This post is by way of doing the harsh thing that bloggers of life transitions and of sailboat ownership sometimes have to do: Post about failure. File this under ‘brutal honesty’, and also many expletives and stomping of feet; perhaps throwing a few things for good measure. I’ve never tried that, but I understand how it could be cathartic.
We’ve owned three boats. We thought we were not amateurs at this point, even though we’re always learning. Oh, hubris. What a harsh mistress you are. This summer, because the weather was fine, we got a little twitchy and decided to replace our hatch lenses. It sounds so simple, no? You just remove the lenses, clean up the frames, and rebed in the same stuff that was used in the first place.
Why did we want to replace them? Because they were old and crazed and didn’t let in much light. Did they leak? No. They did not. Did they work as they should? Yes. They did. So basically, the only thing wrong with them was cosmetic. We wanted them to be pretty. We wanted to see through them. We wanted to lie in the V-berth and look at stars while at anchor. Such petty problems to have. I guess we were a little persnickety. Joke’s on us! Now who feels old and crazed? Not the hatches.
Now it’s the rainy season and we have hatches that leak. That’s right, readers, we are hatch refit failures. #Amateurs #Pissedthehelloff. Somehow, after literally spending hours scraping, using harsh chemicals that probably shortened our lives, and sanding with expensive sand paper, leaks have developed in all three hatches. All. Three. See what happens when you try to fix something that ain’t broke?
Recall that we decided to use industrial silicone to rebed those hatch lenses. It was that or butyl tape, and we couldn’t get any solid information that butyl tape would stick to silicone any better than anything else. The information is probably there, but we didn’t find it for whatever reason. People posted their thoughts. Everyone who has ever bedded anything on a boat has an opinion about the best stuff to use. In the end, we made the wrong choice, or maybe we didn’t use enough of it, or maybe there was invisible silicone left on the hatch frames. Silicone is evil, so who knows? The hatches don’t leak everywhere so probably it’s a silicone residue problem.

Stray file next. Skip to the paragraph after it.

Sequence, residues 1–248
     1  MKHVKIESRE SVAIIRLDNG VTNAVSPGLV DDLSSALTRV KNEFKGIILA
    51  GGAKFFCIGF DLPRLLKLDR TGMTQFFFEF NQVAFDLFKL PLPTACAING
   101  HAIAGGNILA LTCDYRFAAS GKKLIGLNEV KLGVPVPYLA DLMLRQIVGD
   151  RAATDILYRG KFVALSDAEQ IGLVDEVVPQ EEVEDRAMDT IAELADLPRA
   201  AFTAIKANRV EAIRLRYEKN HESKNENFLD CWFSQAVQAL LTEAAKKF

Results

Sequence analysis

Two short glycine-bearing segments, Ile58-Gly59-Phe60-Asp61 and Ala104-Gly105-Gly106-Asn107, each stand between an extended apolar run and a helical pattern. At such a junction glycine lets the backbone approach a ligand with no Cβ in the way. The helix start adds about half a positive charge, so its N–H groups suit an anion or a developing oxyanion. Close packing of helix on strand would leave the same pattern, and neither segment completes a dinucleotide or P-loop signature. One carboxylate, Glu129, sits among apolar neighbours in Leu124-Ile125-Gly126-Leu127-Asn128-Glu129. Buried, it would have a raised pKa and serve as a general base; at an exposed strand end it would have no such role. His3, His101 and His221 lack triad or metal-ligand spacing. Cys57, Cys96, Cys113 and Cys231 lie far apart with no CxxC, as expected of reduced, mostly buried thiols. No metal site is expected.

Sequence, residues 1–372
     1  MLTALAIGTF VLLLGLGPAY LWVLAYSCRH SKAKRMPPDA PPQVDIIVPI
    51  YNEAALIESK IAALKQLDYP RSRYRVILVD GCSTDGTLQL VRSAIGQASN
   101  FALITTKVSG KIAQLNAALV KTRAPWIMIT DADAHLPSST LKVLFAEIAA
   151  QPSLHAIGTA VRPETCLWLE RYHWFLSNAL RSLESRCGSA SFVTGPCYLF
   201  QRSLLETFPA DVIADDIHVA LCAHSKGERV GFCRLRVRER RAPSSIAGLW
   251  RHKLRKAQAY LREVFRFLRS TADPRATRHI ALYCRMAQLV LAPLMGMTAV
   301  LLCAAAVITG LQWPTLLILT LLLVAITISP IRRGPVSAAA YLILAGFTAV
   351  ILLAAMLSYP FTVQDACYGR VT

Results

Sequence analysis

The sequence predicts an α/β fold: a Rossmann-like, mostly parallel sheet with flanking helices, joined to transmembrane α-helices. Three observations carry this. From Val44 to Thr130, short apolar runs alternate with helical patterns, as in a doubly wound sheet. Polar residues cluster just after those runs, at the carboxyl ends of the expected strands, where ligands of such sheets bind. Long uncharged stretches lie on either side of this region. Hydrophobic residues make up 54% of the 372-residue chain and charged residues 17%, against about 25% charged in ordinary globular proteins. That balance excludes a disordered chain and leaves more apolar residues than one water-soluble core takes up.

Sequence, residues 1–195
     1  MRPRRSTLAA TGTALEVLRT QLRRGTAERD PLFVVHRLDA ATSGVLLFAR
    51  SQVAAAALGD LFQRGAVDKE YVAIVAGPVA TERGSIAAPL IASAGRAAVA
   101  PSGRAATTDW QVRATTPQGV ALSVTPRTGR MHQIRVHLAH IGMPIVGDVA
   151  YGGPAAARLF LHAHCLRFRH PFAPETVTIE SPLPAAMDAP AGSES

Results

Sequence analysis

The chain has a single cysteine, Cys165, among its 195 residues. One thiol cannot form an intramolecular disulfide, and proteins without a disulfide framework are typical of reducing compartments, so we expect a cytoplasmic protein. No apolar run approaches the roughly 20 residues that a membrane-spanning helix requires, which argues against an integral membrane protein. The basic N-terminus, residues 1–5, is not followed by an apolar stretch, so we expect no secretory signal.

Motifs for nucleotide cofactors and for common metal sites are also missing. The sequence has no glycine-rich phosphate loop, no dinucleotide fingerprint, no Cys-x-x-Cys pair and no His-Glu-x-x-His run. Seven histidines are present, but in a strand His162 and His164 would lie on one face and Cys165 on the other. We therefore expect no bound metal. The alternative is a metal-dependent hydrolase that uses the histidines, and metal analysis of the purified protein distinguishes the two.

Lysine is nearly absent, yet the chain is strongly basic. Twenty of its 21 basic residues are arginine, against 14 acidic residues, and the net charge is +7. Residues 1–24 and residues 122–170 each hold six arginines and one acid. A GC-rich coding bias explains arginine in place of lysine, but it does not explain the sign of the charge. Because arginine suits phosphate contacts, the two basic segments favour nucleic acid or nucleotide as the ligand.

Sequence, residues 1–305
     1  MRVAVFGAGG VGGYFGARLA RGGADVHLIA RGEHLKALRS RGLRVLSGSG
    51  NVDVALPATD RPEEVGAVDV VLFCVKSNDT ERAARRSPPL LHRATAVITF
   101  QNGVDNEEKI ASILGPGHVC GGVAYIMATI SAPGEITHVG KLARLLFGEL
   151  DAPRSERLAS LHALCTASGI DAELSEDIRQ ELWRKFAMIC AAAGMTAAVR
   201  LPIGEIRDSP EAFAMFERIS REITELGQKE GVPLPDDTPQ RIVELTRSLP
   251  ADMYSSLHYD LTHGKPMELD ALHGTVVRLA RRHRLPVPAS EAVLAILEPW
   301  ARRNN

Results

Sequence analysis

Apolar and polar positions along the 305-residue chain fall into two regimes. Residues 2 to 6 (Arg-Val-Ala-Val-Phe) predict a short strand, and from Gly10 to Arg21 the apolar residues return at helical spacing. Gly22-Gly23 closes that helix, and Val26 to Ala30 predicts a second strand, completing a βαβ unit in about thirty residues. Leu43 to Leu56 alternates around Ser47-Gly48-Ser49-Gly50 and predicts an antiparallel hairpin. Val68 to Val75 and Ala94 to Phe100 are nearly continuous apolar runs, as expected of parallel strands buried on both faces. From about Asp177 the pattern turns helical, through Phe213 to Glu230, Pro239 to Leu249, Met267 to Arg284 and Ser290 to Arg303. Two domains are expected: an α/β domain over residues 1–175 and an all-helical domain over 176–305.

The feelings we have about this are second only to the issue we had with getting a proper exhaust system for Hiram, our engine. But we rose to that challenge and, I assure you, we will not be beaten by this one. Never mind that we’re getting the house ready and the holidays are bearing down before us. Never mind that Mike has been transferred to another job in Boeing and doesn’t have the time to think about this problem. Never mind that I’m increasing the number of coaching clients I see on the boat because I’ve made a commitment to using Galapagos as my office space until I completely retire. (I’m loving this, by the way.) At least the hatch in the salon only drips a tiny bit, and the drips don’t land on my clients’ heads. I’m grateful for small things.
This weekend it’s going to be un-rainy. Lots of people will be outside enjoying the sunnyish weather. We will be outside too: removing the forward hatch lens once more. It’s the one that leaks the worst. We’re going to do that one, particular hatch and then sit back and observe the results. We’re going to clean the hell out of the frame until our fingers are tiny nubs of skin and bone. So far, we think we’re going to use butyl tape. So that’s the situation on the ground here for the moment. Keep your fingers crossed we do it right this time, and if you think of it, spit three times and turn around.